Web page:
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  • huddleston.r@comcast.net
    4. CIVIL WAR COLLECTION DONATED TO PARK SERVICE A massive collection of artifacts relating to the Trans-Mississippi region of the Civil War has been acquired
    Message 1 of 1 , Oct 20, 2005
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      4. CIVIL WAR COLLECTION DONATED TO PARK SERVICE A massive collection of artifacts relating to the Trans-Mississippi region of the Civil War has been acquired by the National Park Service (NPS). The
      $4.5 million agreement also includes the acquisition of a 20-acre property with a five-bedroom Victorian home that serves as a museum. It is located directly across the street from the Wilson�s Creek National Battlefield in Republic, Missouri, which is operated by the National Park Service. Tours of the museum will be included in the price of admission to the park.

      Tom Sweeney, a retired radiologist from Springfield, Missouri, amassed this collection that consists of thousands of artifacts including diaries, uniforms, weapons, and flags. Many of the items have been used for illustrations in the Time-Life book series about the Civil War. Some of the more significant items of note include the sword belt, buckle, and sash worn by General Patrick Cleburne when he was killed at the Battle of Franklin, and the Confederate battle flag of the 1st Cherokee Mounted Rifles carried by Indians under Stand Watie.

      Over the years, Sweeney traveled around the country attending collector�s shows and acquired hundreds of artifacts and relics. With the funds he obtained from the NPS when the agency purchased John Brown�s bible (currently on display at Harper�s Ferry National Historical Park in West Virginia), Sweeney was able to finance the opening of his museum in 1993 which he called �General Sweeney�s.� The museum was named after his ancestor, General Thomas W. Sweeney, who lost an arm in the Mexican War and fought at Wilson�s Creek where he was wounded a second time. Since the museum opened, Sweeney and his wife Karen have diligently researched, categorized, cross-referenced, and displayed the collection for visitors.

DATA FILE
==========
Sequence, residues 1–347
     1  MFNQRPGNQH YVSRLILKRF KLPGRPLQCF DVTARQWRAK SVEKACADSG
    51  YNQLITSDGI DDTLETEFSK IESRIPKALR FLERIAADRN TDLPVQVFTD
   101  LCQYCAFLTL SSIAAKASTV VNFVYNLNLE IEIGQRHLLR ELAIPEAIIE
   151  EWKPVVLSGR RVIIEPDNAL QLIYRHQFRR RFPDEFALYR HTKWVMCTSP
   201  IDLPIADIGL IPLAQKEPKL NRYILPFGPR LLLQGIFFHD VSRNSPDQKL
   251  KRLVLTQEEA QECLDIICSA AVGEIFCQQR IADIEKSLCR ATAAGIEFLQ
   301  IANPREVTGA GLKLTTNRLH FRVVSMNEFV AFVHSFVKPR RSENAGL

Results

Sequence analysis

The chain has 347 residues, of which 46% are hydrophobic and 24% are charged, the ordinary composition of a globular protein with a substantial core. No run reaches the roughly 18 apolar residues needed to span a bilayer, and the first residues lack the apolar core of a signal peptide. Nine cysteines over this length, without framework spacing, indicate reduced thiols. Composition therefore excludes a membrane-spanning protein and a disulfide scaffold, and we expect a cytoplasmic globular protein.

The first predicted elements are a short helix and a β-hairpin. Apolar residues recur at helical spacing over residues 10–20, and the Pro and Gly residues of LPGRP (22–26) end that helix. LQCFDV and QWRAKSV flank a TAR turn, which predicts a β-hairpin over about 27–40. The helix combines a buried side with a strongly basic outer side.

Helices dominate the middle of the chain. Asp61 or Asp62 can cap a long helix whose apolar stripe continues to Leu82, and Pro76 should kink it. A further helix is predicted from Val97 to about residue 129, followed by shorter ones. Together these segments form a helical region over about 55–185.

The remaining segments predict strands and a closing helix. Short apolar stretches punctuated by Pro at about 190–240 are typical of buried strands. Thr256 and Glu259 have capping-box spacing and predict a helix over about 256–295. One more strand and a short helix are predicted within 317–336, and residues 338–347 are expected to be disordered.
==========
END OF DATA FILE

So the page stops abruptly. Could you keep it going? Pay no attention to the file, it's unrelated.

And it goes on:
Michael L. Vice, the retired curator at the Gettysburg National Military Park in Pennsylvania, described the collection as �extraordinary� and noted that the cataloguing and record keeping is what distinguishes it from others. He also observed that this collection should serve as a reminder about the presence of the Civil War in the west, something that it commonly forgotten.




      --
      Take care,

      Bob

      Judy and Bob Huddleston
      10643 Sperry Street
      Northglenn, CO 80234-3612
      huddleston.r@...
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